“You might as well ask an artist to explain his art, or ask a poet to explain his poem. It defeats the purpose. The meaning is only clear through the search.”
Attorneys for Amazon and Spotify made their cases this week in an appeal to the US Court of Appeals, arguing against the 2018 decision by the Copyright Royalty Board to raise by 44% the royalties paid to songwriters by streaming services. Apple Music, the second largest music streaming service in the world, is absent from the appeal.
According to a company news post by general manager Vanessa Pappas, TikTok will be opening a new Transparency Center within its LA offices, allowing experts to come in and examine its content moderation and data handling practices. “We expect the Transparency Center to operate as a forum where observers will be able to provide meaningful feedback on our practices,” wrote Pappas. The facility will open in May.
US Congress has organized a series of discussions this week about whether it is time for the country to reform and amend its 1998 Digital Millennium Copyright Act given all the subsequent changes and evolutions that have occurred in the digital domain since then. Topics included the European Copyright Directive, safe harbor, and web-blocking.
In this newsletter:
- Spotify, Amazon to Argue Against Songwriter Rate Hike in Court of Appeals
- TikTok Says New “Transparency Center” Will Invite Outside Experts to Observe Its Content, Data Practices
- Safe Harbor and Web-Blocking Discussed in Latest Congress Session on US Copyright Reform
- Led Zeppelin Wins Latest “Stairway to Heaven” Copyright Fight
- Spotify Unveils New RADAR Global Emerging Artist Program
Now, the details...
Compiled by Heidi Seo
Exploration Weekly - March 13, 2020
Spotify, Amazon to Argue Against Songwriter Rate Hike in Court of Appeals
An appeal by Amazon, Google, Pandora, and Spotify has come before the US Court of Appeals this past Tuesday. The companies seek to overturn the Copyright Royalty Board’s 2018 decision to raise by 44% the royalties paid to songwriters by streaming services. Attorneys for Amazon and Spotify have made their cases this week. Apple Music is absent from the appeal. On Monday, in a statement to Variety, National Music Publishers’ Association president/CEO David Israelite said, “All creators and artists should be watching what happens in this unprecedented appeal”.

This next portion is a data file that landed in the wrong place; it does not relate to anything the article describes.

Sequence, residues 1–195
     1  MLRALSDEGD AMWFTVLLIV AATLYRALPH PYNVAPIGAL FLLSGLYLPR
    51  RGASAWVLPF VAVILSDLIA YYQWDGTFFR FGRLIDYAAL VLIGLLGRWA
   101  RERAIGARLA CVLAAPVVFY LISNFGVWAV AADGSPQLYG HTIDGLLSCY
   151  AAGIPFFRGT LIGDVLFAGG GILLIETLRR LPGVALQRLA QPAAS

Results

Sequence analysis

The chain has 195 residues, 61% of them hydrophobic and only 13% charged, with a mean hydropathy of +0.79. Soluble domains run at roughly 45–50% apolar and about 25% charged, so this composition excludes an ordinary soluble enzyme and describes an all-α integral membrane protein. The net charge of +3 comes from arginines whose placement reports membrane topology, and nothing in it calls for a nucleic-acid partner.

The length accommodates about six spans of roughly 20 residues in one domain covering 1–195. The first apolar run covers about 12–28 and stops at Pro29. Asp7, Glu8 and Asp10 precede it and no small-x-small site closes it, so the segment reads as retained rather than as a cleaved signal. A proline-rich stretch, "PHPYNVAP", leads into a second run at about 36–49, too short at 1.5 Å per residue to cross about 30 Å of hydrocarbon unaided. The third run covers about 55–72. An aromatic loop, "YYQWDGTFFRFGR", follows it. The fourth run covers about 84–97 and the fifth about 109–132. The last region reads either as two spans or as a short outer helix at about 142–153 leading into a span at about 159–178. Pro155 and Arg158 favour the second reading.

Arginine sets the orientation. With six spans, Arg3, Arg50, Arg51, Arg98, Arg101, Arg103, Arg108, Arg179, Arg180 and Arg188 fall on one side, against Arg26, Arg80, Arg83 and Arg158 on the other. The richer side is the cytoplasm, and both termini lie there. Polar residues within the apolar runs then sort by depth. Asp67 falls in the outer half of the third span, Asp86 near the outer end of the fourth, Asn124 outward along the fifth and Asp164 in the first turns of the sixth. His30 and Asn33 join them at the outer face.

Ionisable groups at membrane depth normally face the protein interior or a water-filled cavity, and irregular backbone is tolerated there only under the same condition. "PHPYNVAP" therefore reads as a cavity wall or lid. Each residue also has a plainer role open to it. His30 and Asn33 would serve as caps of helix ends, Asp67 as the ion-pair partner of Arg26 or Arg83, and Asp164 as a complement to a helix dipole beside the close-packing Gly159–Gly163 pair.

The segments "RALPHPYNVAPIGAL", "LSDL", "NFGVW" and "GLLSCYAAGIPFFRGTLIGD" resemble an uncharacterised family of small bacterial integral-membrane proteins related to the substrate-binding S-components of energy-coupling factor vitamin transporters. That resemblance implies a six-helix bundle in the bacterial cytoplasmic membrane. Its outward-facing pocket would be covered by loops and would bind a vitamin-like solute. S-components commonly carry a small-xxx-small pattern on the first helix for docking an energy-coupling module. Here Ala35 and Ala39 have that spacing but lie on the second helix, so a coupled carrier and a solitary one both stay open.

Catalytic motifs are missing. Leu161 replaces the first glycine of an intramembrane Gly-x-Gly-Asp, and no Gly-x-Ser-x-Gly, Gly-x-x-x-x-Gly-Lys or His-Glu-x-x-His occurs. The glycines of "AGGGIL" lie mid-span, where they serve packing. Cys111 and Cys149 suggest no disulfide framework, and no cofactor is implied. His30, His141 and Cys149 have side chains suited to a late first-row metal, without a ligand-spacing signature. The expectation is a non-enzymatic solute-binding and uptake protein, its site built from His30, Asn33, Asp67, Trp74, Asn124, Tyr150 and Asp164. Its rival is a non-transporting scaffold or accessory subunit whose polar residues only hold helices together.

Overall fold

TikTok Says New “Transparency Center” Will Invite Outside Experts to Observe Its Content, Data Practices
TikTok is set to open a new Transparency Center within its Los Angeles offices, according to general manager Vanessa Pappas in a company news post. It is expected to allow outside experts to come in and examine its content moderation and data handling practices. She acknowledged that the company’s “policies and practices are not flawless,” and said that experts will initially be able to observe how TikTok’s moderators and technology enforces community guidelines, and how the company handles viewer and creator concerns about the platform. “We expect the Transparency Center to operate as a forum where observers will be able to provide meaningful feedback on our practices,” wrote Pappas. The facility is to open in May, and after focusing on TikTok’s content moderation practices at the outset, the Center will then expand into a second phase honing in on TikTok source code as well as its efforts around data privacy and security.
Safe Harbor and Web-Blocking Discussed in Latest Congress Session on US Copyright Reform
The Senate Judiciary Subcommittee On Intellectual Property within US Congress organized a series of discussions this week about whether it is time for the country to reform and amend its 1998 Digital Millennium Copyright Act, the last major overall of copyright law in the US, given all the subsequent changes and evolutions that have occurred in the digital domain since then. The main topic for discussion at the session was last year’s European Copyright Directive. Article seventeen was supported by the music industry, which seeks to increase the copyright liabilities of user-upload platforms. Experts were asked to present at the session provided a diversity of opinions.
Led Zeppelin Wins Latest “Stairway to Heaven” Copyright Fight
On Monday, Led Zeppelin won a long-running copyright dispute over whether the UK rock band infringed Spirit’s “Taurus” to create “Stairway to Heaven.” The Ninth Circuit Court of Appeals affirmed a trial court’s decision of no copyright infringement after a jury in 2016 handed Led Zeppelin a win. The decision comes after the appellate court voted to re-do the trial only to have larger issues re-examined en banc, meaning before a wider panel of judges. Furthermore, the Ninth Circuit determined it was not in error that the jury didn’t get to hear the “Taurus” sound recording at trial. The appeals court also elected to ditch the “inverse ratio rule,” meaning the higher the degree of access to a work, the lower the bar for proving substantial similarity. Michael Skidmore, the Trustee for Spirit songwriter Randy Wolfe, sued the band back in May 2014.
Spotify Unveils New RADAR Global Emerging Artist Program
According to a post published in Spotify’s official newsroom this week, a new global emerging-artist program, “RADAR,” will be launched, “deepening [its] commitment to emerging artists at all stages of their development and strengthening their connection to audiences”. The program will include a mixture of editorial and marketing support. Among the 36 featured global artists is US artist Alaina Castillo, who Spotify will support via a documentary, inclusion on A COLORS SHOW in partnership with COLORSxSTUDIOS, music video support, in addition to the inaugural On Our RADAR playlist cover.
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